Document Type


Date of Award


Degree Name

Doctor of Philosophy in Chemistry - (Ph.D.)


Chemistry and Environmental Science

First Advisor

S. Mitra

Second Advisor

Tamara M. Gund

Third Advisor

Robert Benedict Barat

Fourth Advisor

Yuanwei Zhang

Fifth Advisor

Mengyan Li


The fabrication of flexible nickel-zinc batteries using a facile mixing of electroactive components for electrode preparation is presented. Polytetrafluoroethylene (PTFE) is found to be an effective binder by reducing concentration polarization, providing chemical/physical stability and enhancing flexibility. The zinc electrode containing PTFE maintains its original porous morphology even after hundreds of cycles while polymers such as PEO show morphology change. Each component, as well as the assembled flexible cells show desired flexibility and stability even under bending conditions.

The fabrication of flexible nickel-iron batteries using printable composite electrodes embedded with multiwalled carbon nanotubes (CNT) is also presented. All the metal oxides composites are one-step prepared by precipitation method of the metal oxides on the CNTs. After the deposition process, high loading ratio of conductive materials increases the efficiency of electroactive materials. Compared with Ni(OH)2-CNT, β-NiOOH increases FexO-CNT discharging voltage in flexible cells. All the components of flexible cells show good performance under bending conditions and even deeply bending conditions. Under low discharging currents, the Ni-Fe flexible battery shows a specific capacity of more than 300 mAh g-1 in 6 M KOH electrolyte saturated with LiOH, and 5% Co(NO3)2 in anode formulation. Furthermore, nickel-iron cell with FexO-CNT25.7 composite presents better results than using mixed Fe2O3 nickel-iron cell. Nickel-iron cells have better performance than nickel-zinc cells in rope batteries.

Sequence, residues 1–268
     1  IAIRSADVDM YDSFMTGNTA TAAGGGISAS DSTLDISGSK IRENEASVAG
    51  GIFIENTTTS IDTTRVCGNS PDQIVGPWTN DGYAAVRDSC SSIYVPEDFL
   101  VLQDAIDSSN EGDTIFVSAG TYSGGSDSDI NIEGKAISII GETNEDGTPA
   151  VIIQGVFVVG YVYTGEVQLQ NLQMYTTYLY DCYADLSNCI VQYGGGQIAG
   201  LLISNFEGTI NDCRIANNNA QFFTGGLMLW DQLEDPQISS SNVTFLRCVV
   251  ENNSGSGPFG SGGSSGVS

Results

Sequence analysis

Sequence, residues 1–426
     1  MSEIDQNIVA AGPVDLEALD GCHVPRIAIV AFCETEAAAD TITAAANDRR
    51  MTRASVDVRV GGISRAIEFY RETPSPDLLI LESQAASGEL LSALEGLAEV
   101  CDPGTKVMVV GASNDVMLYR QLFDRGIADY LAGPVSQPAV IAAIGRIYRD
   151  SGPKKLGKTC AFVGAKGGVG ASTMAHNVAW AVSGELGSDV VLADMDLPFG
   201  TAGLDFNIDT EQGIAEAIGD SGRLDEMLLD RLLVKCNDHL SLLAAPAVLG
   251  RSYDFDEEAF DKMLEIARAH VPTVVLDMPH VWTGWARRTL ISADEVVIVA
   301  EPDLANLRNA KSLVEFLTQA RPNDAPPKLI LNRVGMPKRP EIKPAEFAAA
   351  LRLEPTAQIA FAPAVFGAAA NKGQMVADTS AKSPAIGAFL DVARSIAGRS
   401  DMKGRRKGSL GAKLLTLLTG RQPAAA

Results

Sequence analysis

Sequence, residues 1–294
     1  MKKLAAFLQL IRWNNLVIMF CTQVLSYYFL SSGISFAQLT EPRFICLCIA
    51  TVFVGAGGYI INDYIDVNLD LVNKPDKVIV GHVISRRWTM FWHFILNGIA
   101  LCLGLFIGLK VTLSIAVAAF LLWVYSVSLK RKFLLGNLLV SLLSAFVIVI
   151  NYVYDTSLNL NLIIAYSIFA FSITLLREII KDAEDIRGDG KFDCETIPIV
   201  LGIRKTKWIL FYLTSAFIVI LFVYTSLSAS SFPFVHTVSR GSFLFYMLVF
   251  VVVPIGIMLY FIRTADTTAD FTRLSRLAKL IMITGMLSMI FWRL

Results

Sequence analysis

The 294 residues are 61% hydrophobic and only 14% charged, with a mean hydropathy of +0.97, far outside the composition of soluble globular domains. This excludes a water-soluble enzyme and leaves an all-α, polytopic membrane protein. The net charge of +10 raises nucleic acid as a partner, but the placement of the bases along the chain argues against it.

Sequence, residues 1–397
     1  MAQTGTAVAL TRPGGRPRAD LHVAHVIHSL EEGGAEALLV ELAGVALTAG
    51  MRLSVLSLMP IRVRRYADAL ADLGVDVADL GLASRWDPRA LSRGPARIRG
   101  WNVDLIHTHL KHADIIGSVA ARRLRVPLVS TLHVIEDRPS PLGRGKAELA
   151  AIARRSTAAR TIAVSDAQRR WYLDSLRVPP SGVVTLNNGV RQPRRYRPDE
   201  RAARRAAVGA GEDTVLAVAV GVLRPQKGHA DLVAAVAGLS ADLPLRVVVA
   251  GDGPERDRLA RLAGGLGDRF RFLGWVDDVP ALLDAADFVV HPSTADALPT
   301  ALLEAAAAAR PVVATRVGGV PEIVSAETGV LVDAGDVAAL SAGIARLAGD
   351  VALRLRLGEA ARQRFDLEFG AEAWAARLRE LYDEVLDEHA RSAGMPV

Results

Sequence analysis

To view the content in your browser, please download Adobe Reader or, alternately,
you may Download the file to your hard drive.

NOTE: The latest versions of Adobe Reader do not support viewing PDF files within Firefox on Mac OS and if you are using a modern (Intel) Mac, there is no official plugin for viewing PDF files within the browser window.